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Mental illness stigma is more powerful in the older population

What is the most common mental health problem among the elderly?

It is estimated that 20% of people aged 55 and over experience some form of mental health problem.

The most common conditions include anxiety, severe cognitive impairment, and mood disorders.

Depression is a type of mood disorder associated with anxiety and suffering and is the most common mental health concern among the elderly.

Depression can lead to impaired physical, mental and social functioning, and can complicate the treatment of other chronic conditions.

Although the rate of adults with this mood disorder tends to increase with age, depression is not a normal part of aging.

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Recognition of depression

Depression is more than just a passing mood. A depressed person may experience persistent feelings of sadness and hopelessness, and lose interest in activities they previously enjoyed.

Aside from external emotional signs, people will often experience physical symptoms such as chronic pain or digestive problems. Other symptoms may include irritability, excessive worry or anxiety and phobias.

Risk Factors for Depression in the Elderly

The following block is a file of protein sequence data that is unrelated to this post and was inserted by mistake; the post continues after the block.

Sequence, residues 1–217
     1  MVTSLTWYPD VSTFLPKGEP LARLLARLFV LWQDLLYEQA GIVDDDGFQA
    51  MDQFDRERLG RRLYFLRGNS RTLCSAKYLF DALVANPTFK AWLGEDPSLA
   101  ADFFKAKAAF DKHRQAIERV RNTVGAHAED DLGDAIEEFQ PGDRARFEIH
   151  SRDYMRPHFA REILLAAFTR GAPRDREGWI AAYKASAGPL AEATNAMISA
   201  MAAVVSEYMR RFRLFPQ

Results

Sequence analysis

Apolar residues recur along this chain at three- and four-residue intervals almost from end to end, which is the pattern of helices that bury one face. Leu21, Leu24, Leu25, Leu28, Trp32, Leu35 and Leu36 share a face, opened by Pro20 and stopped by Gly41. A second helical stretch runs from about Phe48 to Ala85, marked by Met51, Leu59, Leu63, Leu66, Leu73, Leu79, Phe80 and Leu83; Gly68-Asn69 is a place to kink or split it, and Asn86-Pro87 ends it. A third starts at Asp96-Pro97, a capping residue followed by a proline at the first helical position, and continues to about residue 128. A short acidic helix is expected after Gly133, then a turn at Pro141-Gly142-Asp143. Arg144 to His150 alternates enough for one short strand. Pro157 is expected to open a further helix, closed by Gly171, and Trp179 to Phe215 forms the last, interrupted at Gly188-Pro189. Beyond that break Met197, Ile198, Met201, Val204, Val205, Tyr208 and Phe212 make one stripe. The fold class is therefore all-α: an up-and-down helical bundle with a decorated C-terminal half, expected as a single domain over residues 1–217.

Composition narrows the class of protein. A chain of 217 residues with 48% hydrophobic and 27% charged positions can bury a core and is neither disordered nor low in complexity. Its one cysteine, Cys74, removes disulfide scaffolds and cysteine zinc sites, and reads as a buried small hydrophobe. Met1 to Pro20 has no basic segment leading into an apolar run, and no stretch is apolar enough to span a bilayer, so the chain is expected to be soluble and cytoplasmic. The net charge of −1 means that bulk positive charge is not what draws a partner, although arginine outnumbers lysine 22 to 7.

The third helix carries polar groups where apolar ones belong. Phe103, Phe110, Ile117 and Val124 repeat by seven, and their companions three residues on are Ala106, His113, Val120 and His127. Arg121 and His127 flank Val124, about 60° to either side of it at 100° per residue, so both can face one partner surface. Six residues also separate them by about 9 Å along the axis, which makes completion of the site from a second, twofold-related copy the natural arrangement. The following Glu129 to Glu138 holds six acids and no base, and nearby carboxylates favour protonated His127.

Loss of control or independence, physical illness, widowhood and loss of friends, impaired functional status, isolation and lack of a social support network can put older people at risk. of depression.

Even the changes that occur with retirement can negatively affect the mental health of some people.

Treatment

According to the CDC, 80% of cases of depression in older adults are treatable.

In fact, there are highly effective treatments for depression in later life and most depressed older adults can (and will improve) drastically with treatment.

Treatments for depression include psychotherapy or counseling, medications, and a range of brain stimulation therapies.

Unfortunately, depression in the elderly is little recognized and therefore often not treated.

Overcoming stigma

The stigma associated with mental illness appears to be stronger and more powerful in the older population.

Therefore, older people may express their depressive symptoms in terms of physical complaints rather than traditional symptoms.

This can delay proper treatment as doctors look for answers to a physical illness.

If you (or someone you care about) are experiencing unexplained physical symptoms after many tests, consider asking your doctor for a screening for depression or a referral to a mental health professional for further evaluation.

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